Website Connections

  • Local and national auto service businesses (independent and chains) all have websites. Take a good look  at those websites, find the contact and find out if you can post at their website, perhaps a photo of your book cover, better yet, a daily “Mechanical Murder” tip that talks about auto service and solving murders. If you can create a following on two or three of those major websites, your sales will jump!
  • How about asking to do this on Auto Clubs (like AAA) websites?

Blogs and Yahoo Groups

  • How many blogs exist that discuss women and auto repairs? Women who are automotively or mechanically helpless? Women who are mechanically savvy? Find them and ask to be a guest blogger to promote your book and do the guest blogs in a series so you can spread out the exposure.
  • Seek out Yahoo Groups that cover all the angles in your book, women, women mechanics, murder mystery lovers. Join, make friends and make sure your email promo tag for the book is prominent with every response you make to the group.

 

Alright, back to the question of an erotica writer doing some Cross Marketing.

Granted, mainstream situations may be out of the question for a M/MS&M or hard erotica book, but there are many other Cross Marketing opportunities most erotica writers haven’t actually explored.

Check into website connections, for example, can you get your book promoted on a sex toy or lingerie website? Perhaps you can become part of one of their forums and chat away about your book to a new audience you haven’t reached so far. If your book is paranormal in nature, it’s not outside the box to connect with Paranormal Romance yahoo groups, Facebook Groups or Twitter fans. Take your time, explore every avenue. Can you make yourself an expert in something the erotica community is interested in? If so, go for it. Cross Marketing isn’t something you can’t use because it approaches a broad audience, it’s something you NEED to use because in any tight genre, expanding the interest base and attracting more and new buyers for your books is all that matters. Cross Marketing for erotica needs to work within it’s own universe, just like cozy romance or children’s books. It’s all about looking for your prospective book buyers where you haven’t looked before, and connecting with them.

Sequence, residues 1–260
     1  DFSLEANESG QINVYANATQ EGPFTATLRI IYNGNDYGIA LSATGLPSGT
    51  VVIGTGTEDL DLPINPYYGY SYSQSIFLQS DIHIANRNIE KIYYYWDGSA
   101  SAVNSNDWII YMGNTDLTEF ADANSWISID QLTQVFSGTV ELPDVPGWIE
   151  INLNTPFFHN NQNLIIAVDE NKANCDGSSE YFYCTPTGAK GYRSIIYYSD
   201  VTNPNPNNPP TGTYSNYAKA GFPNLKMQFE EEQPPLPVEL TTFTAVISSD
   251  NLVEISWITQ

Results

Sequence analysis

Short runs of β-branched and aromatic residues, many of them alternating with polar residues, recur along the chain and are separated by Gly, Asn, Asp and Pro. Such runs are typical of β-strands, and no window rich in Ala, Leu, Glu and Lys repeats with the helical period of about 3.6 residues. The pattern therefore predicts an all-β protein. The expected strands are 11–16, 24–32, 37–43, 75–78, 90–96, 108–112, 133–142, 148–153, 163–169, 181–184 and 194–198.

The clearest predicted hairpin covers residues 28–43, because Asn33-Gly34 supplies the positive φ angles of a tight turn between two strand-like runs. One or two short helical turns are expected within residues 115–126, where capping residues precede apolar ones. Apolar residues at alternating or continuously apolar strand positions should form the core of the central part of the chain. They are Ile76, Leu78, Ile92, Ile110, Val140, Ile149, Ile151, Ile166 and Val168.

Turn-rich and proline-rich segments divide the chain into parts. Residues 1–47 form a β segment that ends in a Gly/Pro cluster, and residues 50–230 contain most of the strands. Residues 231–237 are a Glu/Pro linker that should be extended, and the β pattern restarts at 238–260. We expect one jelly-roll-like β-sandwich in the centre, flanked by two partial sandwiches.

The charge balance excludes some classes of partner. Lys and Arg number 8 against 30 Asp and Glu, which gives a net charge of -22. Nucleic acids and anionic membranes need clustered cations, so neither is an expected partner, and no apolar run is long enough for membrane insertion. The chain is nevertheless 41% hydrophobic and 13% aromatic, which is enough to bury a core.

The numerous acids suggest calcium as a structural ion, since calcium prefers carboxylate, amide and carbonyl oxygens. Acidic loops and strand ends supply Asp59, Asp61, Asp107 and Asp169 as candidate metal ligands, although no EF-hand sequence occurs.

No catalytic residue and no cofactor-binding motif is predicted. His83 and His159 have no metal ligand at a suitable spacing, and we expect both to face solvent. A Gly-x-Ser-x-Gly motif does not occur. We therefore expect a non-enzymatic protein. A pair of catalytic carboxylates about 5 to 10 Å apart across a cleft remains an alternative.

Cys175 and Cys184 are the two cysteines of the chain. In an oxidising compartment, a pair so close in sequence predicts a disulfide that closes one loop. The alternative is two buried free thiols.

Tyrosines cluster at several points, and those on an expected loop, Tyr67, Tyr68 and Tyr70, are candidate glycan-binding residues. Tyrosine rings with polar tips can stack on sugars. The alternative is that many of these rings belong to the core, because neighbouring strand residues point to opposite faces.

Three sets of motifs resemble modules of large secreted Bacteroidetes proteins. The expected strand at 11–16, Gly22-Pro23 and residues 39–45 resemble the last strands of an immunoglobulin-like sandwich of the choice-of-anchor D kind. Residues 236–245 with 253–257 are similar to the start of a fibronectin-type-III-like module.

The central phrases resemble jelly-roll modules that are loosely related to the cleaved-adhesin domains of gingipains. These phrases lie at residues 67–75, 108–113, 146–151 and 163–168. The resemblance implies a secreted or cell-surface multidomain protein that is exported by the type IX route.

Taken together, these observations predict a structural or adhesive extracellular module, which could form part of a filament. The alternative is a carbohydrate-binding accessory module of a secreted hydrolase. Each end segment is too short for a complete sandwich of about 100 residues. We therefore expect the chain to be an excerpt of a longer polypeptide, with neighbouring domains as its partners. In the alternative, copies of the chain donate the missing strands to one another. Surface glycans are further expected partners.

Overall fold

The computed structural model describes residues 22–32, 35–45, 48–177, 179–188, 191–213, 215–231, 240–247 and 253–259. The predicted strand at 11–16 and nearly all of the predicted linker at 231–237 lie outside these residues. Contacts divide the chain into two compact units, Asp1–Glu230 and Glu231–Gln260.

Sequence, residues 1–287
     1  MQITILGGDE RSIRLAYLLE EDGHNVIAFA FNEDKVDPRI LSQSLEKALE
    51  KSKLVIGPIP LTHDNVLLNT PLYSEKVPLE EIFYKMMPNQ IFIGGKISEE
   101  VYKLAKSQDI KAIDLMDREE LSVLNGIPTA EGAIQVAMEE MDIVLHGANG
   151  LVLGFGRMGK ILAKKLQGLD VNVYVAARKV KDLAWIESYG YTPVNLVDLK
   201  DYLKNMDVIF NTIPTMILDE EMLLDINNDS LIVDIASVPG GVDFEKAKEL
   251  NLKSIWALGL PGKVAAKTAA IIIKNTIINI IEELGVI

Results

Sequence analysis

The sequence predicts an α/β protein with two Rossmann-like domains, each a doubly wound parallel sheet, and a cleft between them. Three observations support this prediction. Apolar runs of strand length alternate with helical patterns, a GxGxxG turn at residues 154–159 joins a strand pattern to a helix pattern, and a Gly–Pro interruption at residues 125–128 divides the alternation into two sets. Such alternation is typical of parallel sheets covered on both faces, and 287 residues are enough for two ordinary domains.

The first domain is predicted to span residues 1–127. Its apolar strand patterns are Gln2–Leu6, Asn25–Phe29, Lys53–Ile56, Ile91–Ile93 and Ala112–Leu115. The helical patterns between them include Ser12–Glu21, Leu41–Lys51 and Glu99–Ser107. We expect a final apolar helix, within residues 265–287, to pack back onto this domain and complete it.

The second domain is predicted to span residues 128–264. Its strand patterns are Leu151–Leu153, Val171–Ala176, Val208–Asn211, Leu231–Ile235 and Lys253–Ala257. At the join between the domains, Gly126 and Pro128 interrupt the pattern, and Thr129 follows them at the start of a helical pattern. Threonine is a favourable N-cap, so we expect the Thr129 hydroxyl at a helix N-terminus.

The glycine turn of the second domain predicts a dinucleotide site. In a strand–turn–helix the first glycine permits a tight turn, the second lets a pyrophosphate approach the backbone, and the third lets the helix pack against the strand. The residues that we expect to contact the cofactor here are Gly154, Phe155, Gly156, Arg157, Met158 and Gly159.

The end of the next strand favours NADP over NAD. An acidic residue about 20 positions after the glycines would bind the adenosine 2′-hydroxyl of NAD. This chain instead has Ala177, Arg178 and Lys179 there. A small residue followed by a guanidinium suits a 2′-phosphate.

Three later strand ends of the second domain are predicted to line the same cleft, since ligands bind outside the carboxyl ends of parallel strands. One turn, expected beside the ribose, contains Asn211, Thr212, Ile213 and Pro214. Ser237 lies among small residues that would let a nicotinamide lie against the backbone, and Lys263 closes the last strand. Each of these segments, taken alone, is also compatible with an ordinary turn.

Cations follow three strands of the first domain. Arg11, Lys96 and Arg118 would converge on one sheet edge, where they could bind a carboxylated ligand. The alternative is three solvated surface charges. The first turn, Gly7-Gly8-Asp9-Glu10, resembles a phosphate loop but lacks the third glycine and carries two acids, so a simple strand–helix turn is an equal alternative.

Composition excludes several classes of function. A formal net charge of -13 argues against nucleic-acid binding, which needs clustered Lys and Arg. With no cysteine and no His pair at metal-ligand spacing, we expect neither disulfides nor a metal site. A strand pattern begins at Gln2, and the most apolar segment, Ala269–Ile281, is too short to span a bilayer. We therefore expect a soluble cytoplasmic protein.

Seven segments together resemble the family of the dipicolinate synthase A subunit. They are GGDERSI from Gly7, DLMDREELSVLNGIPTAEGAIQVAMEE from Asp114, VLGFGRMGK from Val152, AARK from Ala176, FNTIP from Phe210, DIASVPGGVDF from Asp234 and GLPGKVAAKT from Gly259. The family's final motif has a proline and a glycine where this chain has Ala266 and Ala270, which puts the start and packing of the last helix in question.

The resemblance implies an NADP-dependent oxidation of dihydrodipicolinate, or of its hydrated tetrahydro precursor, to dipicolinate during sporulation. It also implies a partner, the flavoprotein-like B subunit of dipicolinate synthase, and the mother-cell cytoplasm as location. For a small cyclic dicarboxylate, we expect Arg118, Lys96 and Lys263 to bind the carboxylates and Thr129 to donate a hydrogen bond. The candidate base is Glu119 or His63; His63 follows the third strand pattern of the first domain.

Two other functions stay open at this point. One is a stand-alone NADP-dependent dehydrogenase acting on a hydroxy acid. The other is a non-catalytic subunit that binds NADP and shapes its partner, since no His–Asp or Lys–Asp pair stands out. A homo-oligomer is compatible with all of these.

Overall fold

Once an author has EXPANDED their platforms with Cross Marketing, the whole world opens up for building a bigger fan base, stronger sales and greater demand for more books! It’s a win/win/win!

Next week we’ll discuss … Cross Marketing by playing the Genre Game like an expert. See you then!

 

Author Success Series: Cross Marketing

What is Cross Marketing?

Cross Marketing from the Obvious to the Sublime

Crossing the line into TURBO Creative Thinking


 

 

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Author Success Series: Cross Marketing – Crossing the Line into TURBO Creative Thinking

How creative do you really think?

As writers, we are free thinkers and do our best not to focus on the rules while we create, but those rules are there, looming even bigger if you’re just getting started as an author. If you’re attempting to gain a literary agent, there are all the query rules and format rules and acceptable approaches rules to consider. There are the rules about clean genre, clean manuscripts, clean elevator pitches.  If you’re going the independent or small publisher route, they have their own set of requirements and each one is different. If you self-publish, there are perfect editing necessities, a formatting learning curve and of course, all the distribution and promotional systems to master.

With all these rules floating around, crowding and confusing the process from point a) the finished, beautifully imaginative novel you wrote, to point z) the actual book sales, how creative can one really be? It’s as though the course of action we must take simply chokes the creativity out of us. There are so many tiny commandments to follow it’s too easy to get sidetracked into pleasing the process and forgetting the book buyer.

I’m here to talk about breaking those patterns we learned in nursery school. Don’t follow the rules. Don’t worry about being correct. Don’t question the process I’m about to suggest because if you do, you may just find yourself spending more time satisfying the “system” and never reaching your own goals.